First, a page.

COMMUNITY/CHURCH ACTIVITIES: Youth Activities Director, Mayfield Civic Association, 2011 to present. Hosted numerous community events such as movie nights, holiday parties and an annual End of School Block Party, where Career Training Solutions and Germanna Community College helped graduates learn about options to further their education or learn a trade.

Volunteer basketball coach, Fredericksburg Parks and Recreation, 2011 to present.

Breakfast Buddy Mentor, Lafayette Upper Elementary School, 2013 to present. Meet twice weekly for breakfast and mentoring.

THREE MOST IMPORTANT ISSUES:

  • Equal representation for all residents in the community.
  • The various regional transportation issues combined with the influx of population and council’s responsibility of managing these challenges properly.
  • Supporting our city schools through community outreach but most importantly budget needs. We must ensure that our students are provided the best education possible.

BEATRICE R. “BEA” PAOLUCCI

ADDRESS: Caroline Street near Rising Sun Tavern

EMAIL: bea1500@verizon.net

WEBSITE: BeaInvolved.org

AGE: 59

BIRTHPLACE: Madrid, Spain

FAMILY: Hamilton G. Palmer

POLITICAL EXPERIENCE:Elected in 2010 to the Fredericksburg City Council, Ward 4

OCCUPATION: Office Manager, HGP Inc., after 26 years in banking.

CURRENT EMPLOYMENT OF ALL MEMBERS OF HOUSEHOLD: HGP Inc.

HOW LONG HAVE YOU LIVED IN FREDERICKSBURG? Since 1988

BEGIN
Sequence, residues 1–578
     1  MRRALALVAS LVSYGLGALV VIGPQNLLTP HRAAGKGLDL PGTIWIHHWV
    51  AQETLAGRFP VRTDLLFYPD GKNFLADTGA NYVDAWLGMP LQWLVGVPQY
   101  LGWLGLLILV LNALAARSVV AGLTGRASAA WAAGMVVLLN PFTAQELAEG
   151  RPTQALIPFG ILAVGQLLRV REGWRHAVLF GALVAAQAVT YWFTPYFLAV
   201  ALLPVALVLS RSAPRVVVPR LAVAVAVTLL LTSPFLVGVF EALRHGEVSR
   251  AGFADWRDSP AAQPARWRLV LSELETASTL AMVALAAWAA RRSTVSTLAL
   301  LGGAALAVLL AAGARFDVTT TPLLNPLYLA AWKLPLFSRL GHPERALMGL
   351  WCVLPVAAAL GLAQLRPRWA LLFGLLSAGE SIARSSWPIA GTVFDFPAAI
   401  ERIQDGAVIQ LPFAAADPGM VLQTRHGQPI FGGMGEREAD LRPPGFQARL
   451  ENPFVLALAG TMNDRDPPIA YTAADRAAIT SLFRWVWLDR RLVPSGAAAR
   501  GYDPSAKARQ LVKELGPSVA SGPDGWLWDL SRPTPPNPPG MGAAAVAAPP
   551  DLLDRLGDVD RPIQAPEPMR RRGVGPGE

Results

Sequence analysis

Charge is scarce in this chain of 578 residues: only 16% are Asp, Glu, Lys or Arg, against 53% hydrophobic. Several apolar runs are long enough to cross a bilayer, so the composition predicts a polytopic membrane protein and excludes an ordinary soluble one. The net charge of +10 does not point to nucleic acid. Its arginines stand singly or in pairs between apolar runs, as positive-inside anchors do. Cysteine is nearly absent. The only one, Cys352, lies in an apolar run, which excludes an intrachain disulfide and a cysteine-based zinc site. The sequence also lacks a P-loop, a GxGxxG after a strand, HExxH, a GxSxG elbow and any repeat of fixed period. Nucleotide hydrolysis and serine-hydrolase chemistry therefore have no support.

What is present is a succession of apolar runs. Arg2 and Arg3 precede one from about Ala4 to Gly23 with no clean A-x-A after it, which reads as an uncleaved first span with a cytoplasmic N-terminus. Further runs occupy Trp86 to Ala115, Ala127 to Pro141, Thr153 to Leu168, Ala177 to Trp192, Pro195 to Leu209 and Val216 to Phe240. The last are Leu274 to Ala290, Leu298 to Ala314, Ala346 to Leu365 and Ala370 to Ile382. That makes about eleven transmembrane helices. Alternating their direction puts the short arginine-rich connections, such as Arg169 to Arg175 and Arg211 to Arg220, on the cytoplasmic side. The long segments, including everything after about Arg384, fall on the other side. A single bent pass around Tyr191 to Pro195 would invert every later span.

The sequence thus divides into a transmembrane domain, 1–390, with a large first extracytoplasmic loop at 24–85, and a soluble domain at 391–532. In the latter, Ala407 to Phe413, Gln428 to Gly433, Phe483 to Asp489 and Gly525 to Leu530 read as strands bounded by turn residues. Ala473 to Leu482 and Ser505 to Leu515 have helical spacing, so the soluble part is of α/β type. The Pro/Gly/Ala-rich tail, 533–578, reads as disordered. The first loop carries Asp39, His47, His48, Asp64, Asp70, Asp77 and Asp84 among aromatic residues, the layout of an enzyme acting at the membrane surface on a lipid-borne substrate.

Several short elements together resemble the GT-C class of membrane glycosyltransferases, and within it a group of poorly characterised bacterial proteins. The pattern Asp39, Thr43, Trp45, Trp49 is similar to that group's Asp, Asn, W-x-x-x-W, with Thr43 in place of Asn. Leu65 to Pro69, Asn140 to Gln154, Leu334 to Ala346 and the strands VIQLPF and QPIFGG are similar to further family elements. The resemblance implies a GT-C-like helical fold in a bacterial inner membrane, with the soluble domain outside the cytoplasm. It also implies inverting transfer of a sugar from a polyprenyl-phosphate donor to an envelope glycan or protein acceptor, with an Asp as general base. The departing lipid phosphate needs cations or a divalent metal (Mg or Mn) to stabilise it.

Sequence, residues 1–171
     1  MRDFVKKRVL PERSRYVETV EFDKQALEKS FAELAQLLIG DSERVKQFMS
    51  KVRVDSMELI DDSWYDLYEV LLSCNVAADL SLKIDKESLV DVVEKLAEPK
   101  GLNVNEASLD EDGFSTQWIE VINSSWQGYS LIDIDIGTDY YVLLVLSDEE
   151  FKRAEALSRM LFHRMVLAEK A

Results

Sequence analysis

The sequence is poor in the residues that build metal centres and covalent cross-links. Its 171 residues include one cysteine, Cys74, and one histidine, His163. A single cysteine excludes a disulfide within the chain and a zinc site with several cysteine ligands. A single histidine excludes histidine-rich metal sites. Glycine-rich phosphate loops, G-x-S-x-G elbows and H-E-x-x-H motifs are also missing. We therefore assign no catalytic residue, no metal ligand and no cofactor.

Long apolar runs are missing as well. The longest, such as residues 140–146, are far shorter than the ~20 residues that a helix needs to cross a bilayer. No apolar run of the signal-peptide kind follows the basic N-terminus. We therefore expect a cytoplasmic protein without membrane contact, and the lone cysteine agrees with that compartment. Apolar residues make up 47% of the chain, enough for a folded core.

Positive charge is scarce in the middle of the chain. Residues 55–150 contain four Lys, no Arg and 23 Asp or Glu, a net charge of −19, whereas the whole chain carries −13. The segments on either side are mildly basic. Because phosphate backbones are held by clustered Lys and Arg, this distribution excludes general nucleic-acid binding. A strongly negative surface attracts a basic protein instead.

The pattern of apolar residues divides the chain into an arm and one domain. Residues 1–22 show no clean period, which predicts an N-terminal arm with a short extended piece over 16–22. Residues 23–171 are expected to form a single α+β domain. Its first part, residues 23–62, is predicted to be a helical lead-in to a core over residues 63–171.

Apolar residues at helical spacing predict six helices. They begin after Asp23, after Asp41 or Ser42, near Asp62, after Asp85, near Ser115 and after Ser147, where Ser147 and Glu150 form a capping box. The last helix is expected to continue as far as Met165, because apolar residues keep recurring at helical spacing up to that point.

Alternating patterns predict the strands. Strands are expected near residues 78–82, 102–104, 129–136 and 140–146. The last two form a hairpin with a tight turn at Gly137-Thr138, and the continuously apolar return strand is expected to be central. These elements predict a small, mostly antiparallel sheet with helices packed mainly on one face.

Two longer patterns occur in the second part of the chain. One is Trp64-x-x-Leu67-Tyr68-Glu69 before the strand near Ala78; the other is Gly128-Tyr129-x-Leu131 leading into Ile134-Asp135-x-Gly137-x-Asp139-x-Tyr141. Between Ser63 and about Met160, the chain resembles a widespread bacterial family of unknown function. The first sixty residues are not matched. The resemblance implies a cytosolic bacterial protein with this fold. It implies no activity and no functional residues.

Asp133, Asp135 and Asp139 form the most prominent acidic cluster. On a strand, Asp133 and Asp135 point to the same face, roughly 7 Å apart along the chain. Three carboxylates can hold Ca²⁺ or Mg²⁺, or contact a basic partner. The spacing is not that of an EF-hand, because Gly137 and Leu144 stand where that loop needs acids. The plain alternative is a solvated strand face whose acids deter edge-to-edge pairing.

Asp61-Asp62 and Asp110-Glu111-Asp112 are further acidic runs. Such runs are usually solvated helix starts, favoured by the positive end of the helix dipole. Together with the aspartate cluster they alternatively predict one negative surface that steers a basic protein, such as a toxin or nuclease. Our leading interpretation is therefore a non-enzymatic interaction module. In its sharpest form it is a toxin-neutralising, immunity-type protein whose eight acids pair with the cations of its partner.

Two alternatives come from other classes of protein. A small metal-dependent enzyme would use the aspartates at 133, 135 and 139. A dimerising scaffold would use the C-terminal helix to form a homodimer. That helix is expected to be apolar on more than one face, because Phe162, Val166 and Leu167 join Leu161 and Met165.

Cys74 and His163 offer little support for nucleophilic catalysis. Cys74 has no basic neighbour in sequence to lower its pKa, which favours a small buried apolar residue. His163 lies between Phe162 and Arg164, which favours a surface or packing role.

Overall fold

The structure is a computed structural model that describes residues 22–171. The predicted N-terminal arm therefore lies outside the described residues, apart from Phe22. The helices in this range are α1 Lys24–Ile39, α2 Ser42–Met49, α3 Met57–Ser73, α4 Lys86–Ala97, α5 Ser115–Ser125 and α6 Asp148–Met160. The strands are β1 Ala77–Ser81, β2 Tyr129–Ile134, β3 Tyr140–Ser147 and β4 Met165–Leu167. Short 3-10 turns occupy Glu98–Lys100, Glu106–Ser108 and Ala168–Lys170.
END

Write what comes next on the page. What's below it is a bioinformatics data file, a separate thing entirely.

EDUCATION: Northern Virginia Community College; American Institute of Banking

MILITARY RECORD: Four years in the U.S. Army Reserves

HAVE YOU EVER BEEN CONVICTED OF A CRIME? No

COMMUNITY/CHURCH ACTIVITIES: Historic Fredericksburg Foundation Inc.; Washington Heritage Museum; Central Rappahannock Heritage Center; Mayfield Civic Association; Friends of the Rappahannock; Social Services Board; Community Policy Management Team; Rappahannock Area Agency on Aging; St. Mary Catholic Church

THREE MOST IMPORTANT ISSUES:

  • Economic Development—Grow while protecting our valuable heritage. It is vital to maintain the historic downtown, which is what makes Fredericksburg unique. The city should focus more on technology and tourism zones to take advantage of the improving economy and bring sustainable jobs to the city and support the Main Street Initiative to address these issues. The city needs to partner with the many entities during the update of the Comprehensive Plan, which sets the vision for the future and most importantly encourage citizen involvement.
  • Downtown/Neighborhoods/Home Ownership—Enforce property maintenance and nuisance ordinances in historic downtown and neighborhoods; find additional parking to meet current and future needs; start programs to promote home ownership.
  • Public Safety—Residents need to start acting when they see something that looks “out of place.” The city should increase community policing, and encourage people to take ownership of their block, corner or street.